David Preston, Headteacher of Arnold Lodge School, says chasing ‘academic intervention’ without first ensuring children feel happy, safe and secure will disadvantage children in the long-term.
There are two prevailing questions being asked with regard to schooling. Firstly, we’re asking “when will schools re-open?” It is right to ask when schools will re-open (once it is safe to do so). Children and their parents need this sense of surety. School leaders need to plan to re-open and the logistics that will come with this.
We’re also worried – and I understand why – about children falling behind academically. Just as often as we ask “when will schools re-open?” we’re also asking “how will we catch up the academic gap?” This is, for me, wholly the wrong question. We should, instead, be asking “how can we help children feel ready to learn again?”
Successful school life is a series of rituals. It is a sense of safety and of security. Of friendships and laughter. Children, above all else, need this. For parents trying to support children to learn from home and wondering “how do teachers do this?” the answer is more than the pedagogical skill of teachers; it is the culture, rituals and rules of the classroom and the wider school that support children to be effective learners.
It will be relatively easy for schools to measure the academic impact of the lockdown on children. Schools are so often heavily driven by data – and have been for such a time now – that they will be able to clearly see how the knowledge and skills that children have has shifted against the markers from prior cohorts and age-related expectations. Schools are built to teach children, to assess children’s knowledge and skills and to support children to make academic progress.
Protocols already exist to establish interventions to help pupils who have ‘fallen behind’ to make progress towards their ‘expected’ levels.
‘Gifted and talented’ programmes also exist to ‘push on’ pupils who can go further. Teachers are trained to deliver academic content. Teaching, curriculum planning, assessment frameworks, reporting cycles… these all help schools ensure children build up knowledge and skills, to help children know how to do better next time and to make sustained progress over time. Children will catch up on the learning they may have missed during lockdown.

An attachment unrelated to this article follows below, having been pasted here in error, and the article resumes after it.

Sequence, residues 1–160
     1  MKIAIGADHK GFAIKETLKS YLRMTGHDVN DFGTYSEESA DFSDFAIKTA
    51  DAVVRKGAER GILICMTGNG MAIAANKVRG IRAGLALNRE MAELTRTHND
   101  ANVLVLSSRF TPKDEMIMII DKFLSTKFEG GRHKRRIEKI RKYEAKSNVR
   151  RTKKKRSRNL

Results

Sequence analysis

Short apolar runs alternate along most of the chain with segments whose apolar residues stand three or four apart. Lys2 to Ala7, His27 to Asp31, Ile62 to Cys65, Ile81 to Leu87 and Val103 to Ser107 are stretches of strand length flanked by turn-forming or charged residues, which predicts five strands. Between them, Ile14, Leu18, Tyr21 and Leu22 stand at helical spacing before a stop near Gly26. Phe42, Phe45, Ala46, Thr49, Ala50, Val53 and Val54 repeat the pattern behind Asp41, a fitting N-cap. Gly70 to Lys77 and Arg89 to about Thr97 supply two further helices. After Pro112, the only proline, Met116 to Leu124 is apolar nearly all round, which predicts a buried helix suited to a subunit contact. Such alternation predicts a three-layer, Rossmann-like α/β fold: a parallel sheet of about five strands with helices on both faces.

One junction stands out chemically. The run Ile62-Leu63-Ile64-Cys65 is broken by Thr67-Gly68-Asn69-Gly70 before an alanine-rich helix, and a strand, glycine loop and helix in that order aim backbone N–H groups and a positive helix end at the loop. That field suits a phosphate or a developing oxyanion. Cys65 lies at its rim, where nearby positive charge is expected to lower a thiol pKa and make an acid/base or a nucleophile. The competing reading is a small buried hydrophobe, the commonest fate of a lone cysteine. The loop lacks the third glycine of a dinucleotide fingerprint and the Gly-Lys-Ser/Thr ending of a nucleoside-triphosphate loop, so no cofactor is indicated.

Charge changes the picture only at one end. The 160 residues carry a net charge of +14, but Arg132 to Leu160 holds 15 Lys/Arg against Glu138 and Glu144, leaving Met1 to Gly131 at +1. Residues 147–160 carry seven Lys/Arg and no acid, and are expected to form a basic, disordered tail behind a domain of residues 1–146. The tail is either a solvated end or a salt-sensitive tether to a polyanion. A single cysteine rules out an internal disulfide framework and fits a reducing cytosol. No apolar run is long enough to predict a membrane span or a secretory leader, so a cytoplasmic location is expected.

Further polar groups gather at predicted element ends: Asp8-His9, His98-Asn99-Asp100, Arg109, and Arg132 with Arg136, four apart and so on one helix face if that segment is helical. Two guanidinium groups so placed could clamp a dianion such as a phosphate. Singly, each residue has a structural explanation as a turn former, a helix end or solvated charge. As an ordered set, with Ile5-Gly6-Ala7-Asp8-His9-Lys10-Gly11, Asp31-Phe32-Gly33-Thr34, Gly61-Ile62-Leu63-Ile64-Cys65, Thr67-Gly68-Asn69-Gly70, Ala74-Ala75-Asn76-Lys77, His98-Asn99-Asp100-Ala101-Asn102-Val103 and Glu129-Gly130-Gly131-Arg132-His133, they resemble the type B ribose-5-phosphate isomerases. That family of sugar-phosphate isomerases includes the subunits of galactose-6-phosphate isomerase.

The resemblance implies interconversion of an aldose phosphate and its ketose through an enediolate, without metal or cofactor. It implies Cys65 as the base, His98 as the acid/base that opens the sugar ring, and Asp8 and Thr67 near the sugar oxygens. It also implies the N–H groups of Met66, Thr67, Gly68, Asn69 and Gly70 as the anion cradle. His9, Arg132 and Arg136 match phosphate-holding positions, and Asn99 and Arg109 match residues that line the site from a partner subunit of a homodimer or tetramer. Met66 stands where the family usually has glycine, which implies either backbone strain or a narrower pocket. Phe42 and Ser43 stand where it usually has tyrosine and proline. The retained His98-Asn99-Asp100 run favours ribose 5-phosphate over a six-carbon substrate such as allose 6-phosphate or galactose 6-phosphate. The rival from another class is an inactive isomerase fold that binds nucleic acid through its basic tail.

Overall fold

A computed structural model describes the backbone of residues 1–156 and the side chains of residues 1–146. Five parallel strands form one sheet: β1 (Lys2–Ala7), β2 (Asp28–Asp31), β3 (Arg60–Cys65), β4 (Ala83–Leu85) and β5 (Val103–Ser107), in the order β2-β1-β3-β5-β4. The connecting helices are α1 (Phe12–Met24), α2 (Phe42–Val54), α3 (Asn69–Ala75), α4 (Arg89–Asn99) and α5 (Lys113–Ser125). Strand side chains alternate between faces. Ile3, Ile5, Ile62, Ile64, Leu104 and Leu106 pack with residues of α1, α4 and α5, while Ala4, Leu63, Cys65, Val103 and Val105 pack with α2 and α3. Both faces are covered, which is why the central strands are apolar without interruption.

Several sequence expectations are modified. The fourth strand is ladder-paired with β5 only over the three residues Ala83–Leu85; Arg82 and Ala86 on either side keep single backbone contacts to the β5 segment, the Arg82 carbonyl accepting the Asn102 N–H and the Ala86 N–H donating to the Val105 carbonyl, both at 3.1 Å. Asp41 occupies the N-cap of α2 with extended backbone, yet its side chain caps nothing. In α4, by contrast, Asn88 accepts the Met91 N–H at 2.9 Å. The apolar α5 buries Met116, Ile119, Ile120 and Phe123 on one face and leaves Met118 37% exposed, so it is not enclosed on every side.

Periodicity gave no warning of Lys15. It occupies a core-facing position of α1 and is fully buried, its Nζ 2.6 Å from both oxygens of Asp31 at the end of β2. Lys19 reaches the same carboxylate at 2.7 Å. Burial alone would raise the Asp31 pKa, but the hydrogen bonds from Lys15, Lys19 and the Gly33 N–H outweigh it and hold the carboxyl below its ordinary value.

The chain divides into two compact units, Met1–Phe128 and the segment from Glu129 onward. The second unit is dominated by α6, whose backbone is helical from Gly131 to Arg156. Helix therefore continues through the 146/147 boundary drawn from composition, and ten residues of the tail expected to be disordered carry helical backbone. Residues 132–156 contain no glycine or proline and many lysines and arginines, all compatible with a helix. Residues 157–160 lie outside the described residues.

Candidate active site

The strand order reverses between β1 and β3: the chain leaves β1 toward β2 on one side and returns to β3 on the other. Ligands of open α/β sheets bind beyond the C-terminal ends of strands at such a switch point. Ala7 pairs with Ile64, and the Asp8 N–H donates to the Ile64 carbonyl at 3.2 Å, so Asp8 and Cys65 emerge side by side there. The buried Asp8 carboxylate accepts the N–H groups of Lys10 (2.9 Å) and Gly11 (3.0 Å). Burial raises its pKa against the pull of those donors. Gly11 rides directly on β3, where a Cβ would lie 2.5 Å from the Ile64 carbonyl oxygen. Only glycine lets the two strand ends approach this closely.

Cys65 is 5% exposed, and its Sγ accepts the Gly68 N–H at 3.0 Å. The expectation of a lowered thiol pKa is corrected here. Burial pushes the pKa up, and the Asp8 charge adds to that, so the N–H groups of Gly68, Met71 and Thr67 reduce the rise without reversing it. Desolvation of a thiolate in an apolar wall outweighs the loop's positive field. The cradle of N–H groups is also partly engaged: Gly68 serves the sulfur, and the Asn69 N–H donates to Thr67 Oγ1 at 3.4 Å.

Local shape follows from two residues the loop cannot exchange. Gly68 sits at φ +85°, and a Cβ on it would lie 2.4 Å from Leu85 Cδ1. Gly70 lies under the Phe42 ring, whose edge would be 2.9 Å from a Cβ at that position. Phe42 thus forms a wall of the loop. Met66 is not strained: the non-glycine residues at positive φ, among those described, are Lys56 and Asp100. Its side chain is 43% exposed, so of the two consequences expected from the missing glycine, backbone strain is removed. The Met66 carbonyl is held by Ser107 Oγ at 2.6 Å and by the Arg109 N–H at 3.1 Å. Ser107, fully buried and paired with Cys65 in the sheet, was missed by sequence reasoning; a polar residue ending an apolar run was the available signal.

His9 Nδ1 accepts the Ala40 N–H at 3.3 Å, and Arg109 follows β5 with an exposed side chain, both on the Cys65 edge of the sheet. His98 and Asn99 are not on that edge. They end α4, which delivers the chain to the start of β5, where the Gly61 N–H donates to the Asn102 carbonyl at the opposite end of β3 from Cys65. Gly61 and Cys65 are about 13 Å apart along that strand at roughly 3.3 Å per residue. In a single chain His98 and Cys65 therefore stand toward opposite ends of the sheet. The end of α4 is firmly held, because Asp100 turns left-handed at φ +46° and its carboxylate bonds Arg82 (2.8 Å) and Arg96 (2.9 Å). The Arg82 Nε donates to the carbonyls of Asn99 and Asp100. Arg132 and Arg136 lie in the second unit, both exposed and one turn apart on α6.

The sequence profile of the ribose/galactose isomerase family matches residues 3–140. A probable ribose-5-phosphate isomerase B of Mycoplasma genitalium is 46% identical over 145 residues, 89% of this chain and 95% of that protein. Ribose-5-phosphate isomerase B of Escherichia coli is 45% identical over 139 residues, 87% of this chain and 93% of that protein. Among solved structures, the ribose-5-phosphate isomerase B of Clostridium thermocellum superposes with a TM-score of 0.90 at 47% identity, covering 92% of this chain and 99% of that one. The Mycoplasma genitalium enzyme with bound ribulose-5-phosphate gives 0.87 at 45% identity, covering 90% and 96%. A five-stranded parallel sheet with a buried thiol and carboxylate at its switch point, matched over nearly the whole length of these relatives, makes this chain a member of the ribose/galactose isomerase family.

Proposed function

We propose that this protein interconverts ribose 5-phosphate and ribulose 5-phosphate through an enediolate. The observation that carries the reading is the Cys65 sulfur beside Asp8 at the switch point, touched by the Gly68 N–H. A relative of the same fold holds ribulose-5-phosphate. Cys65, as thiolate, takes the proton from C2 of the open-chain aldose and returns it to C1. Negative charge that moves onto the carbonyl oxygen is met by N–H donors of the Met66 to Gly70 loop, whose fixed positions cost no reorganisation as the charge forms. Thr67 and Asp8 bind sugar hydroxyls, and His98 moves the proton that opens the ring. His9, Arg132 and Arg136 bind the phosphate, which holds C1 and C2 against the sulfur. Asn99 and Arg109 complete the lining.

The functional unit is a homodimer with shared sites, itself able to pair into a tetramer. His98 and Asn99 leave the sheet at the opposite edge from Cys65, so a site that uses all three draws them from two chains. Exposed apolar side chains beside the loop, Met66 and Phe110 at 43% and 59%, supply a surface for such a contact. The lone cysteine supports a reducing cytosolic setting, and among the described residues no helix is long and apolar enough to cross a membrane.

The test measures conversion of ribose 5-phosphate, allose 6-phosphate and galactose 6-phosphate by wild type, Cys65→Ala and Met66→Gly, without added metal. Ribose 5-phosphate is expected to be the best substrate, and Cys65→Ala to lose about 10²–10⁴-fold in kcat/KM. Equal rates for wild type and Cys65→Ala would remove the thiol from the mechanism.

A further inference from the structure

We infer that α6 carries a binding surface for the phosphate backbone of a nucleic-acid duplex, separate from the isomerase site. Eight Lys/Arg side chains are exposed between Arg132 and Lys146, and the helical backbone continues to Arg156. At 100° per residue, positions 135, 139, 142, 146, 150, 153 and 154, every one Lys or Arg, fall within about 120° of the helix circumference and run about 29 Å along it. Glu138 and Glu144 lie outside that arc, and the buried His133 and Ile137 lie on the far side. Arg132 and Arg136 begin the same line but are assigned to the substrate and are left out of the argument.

When children return to school, we must not focus on the ‘academic loss’ children may have suffered. If you speak to children, their sense of loss will be so much broader than that; in years to come, when children look back on the weeks in lockdown, it is the loss of their relationships they will remember most keenly – cancelled football matches, missing gymnastics, birthday parties in isolation, Sunday afternoons with Grandad.
We must, first and foremost, look at the holistic recovery that children will need to help them be better learners in the long-term. We must help children to find their sense of self again, to re-establish friendships and to ensure that children feel safe to resume learning. If we focus immediately on ‘academics’ we run the risk of dismissing the impact of stress and loss on the brain’s ability to learn.
We must begin gradually to allow children to reconnect, to act with empathy and to rebuild routines in the ‘new normal’ that we will find ourselves in. Helping children to be happy in school must be our priority.
We must not chase assessments or data. Not in the short term. Instead, we must focus on the whole child or risk leaving aspects of their development behind.
The child who left school in March may well not to be the same child who returns when schools re-open. We must, first, look to return the children to a place of confidence, of engagement and of well-being. Then, and only then, can we truly help their learning flourish.